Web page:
Before we get into our summer challenge, I need to take you through a bit of background on our spending process to set the stage a little.
The Funemployed spending elephant
The Funemployed household has kept a budget since 2011. We use the Gail Vaz-Oxlade template because it allows for use of cash, it breaks everything into separate categories for us, and mostly because of its familiarity.*
Probably the most valuable part of Gail’s system is the budget binder. It’s a written record of every penny you spend that week (or month). By tracking your spending, you automatically adjust your behaviour because it becomes so blatantly obvious where you waste money.
The categories in the budget are as follows:
- Everything else
In the last 8 years we have dialed in 5 of the 6 categories to a comfortable and predictable level. We don’t even have to track them anymore, they are on autopilot.
Our elephant in the room is the Entertainment category. It’s our largest spend, and it swings wildly from month to month and year to year. In some years, it has consumed 50% of our entire annual spending.
Now to be fair, it is a bit of a catch all category meant to separate needs from wants. Which means that groceries go under Food, but restaurants go under entertainment. School/work clothes are categorized under Clothing/Gifts but running shoes and spandex are placed in Entertainment. Even the courses that I’ve enrolled in this last year are coming from the Entertainment budget because they’re mostly for fun.
Each year I’ve budgeted $1000/month for this category, but it usually amounts to wishes and unicorns because we always spend at least $20k per year. Unless we book a week long ski vacation in a backcountry lodge, then it jumps to $30k.
So although we know we spend like drunken sailors in this category, it’s never been an issue because we only spent ~40% of our take home income. Except now, I’m not working and it’s been pissing me off that we have discipline issues with ourselves in this regard.
Things changed a few weeks ago. One of my friends husbands lost his job. I had been working with them on their finances for the last 10 months and they have undergone a transformation that I never dreamed possible. A few weeks after putting a retirement plan together for them, his contract was cancelled. Murphy’s law.
Because of all their hard work and their shiny-new emergency fund, they are not in a dire situation for several months, but they do need to pull the emergency rip chord on their wants until he finds employment again.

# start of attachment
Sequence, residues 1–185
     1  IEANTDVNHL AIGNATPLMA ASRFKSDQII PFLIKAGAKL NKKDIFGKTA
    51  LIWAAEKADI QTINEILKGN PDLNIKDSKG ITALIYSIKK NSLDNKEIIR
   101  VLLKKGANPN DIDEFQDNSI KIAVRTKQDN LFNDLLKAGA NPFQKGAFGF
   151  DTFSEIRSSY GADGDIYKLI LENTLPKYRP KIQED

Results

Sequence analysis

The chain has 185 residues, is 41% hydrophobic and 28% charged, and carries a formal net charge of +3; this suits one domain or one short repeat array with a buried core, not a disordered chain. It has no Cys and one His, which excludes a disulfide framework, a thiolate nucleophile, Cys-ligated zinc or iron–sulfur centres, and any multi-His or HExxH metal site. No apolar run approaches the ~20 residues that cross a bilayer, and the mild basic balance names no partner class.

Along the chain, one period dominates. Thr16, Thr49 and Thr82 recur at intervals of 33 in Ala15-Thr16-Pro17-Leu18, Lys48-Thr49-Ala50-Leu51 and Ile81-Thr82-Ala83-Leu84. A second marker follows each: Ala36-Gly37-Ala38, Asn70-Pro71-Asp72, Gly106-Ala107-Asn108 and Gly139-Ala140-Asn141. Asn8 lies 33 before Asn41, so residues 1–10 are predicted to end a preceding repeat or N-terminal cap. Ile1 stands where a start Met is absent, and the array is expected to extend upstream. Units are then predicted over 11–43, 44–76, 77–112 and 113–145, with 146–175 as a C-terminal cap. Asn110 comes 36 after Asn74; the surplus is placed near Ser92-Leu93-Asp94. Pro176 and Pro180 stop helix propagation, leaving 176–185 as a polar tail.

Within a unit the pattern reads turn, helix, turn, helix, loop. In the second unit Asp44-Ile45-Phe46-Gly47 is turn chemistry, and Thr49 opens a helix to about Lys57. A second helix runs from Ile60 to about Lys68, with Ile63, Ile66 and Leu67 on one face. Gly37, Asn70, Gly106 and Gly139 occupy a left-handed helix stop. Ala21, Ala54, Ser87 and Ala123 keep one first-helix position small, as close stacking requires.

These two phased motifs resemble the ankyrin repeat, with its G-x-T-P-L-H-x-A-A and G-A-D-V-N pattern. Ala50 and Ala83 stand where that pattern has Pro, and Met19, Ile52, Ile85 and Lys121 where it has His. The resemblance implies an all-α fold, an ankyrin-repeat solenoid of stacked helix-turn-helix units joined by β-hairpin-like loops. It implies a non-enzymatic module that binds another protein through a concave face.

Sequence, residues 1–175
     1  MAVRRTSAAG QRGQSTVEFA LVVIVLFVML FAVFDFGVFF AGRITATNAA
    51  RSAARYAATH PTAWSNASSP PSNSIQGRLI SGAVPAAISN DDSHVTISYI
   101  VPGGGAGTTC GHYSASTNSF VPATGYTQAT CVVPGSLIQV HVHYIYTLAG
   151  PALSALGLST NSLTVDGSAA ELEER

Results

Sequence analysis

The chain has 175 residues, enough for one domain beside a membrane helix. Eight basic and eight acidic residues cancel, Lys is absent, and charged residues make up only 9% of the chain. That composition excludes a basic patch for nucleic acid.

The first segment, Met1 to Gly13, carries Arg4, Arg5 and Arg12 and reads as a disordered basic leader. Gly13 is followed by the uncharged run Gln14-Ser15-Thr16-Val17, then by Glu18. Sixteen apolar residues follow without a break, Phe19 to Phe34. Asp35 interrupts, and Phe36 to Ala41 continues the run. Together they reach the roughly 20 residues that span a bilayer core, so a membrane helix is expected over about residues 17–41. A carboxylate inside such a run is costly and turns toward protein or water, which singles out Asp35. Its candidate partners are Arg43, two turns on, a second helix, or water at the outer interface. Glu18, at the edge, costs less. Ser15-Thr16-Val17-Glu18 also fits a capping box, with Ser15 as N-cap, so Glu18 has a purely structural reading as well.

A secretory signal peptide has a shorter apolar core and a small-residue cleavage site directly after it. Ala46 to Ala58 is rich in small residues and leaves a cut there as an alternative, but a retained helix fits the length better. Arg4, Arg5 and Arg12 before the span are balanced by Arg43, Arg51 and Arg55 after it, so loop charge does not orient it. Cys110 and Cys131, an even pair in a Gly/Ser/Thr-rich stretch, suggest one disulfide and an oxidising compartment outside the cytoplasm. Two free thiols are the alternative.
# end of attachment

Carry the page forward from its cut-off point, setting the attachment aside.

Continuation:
On paper, it’s possible for them to make ends meet but they need to cut their Entertainment way down. This was a good moment of self reflection for me – How it’s easy to see a path forward for someone else and not for yourself, and how it sucks to have to do something out of necessity but it can be fun if you choose to do it.**
This was the push I needed to birth the Summer Spending Challenge. It will provide accountability and support for both myself and my friend as we try to navigate keeping our entertainment costs as low as possible. I will be posting weekly progress reports on spending as well as any insights or lessons we have along the way.
What’s our goal anyway?
As mentioned above, our budget for entertainment is set at $1000/mo and then promptly gets blown through anyway. If we take out any major trips, it looks like we usually spend $1500/mo in the summer. I’d like to target 1/3 of that for a goal of $500/mo spend. Doable? I have a sinking feeling in my stomach, so that feels just about right…
Feel free to join me. What is your typical summer spend? Could you have a fun and interesting summer if you cut that in half or more? I’d love to hear your thoughts in the comments below.
*2011 was maternity leave for my first child. I also used this time to read every personal finance book I could get my hands on. Since my child was a long slow feeder, I binge watched every episode of Till Debt Do Us Part on Slice. We’re quite familiar with her budget system and her righteous crazy fanaticism for personal finance.
**I’ve had several conversations about how fun and liberating it was to live out of a car for 3 months in New Zealand. This sentiment is shared by other middle-class Canadians who chose to temporarily live a simplified lifestyle (couch surfing, backpacking, car living, whatever). Each of us could return back to our cushy pampered lifestyle when we were ready. Contrast this to a family who has to live out of a car because they have to. No safety net, no idea if the situation will get better or worse, no adventure. It’s incredibly sobering.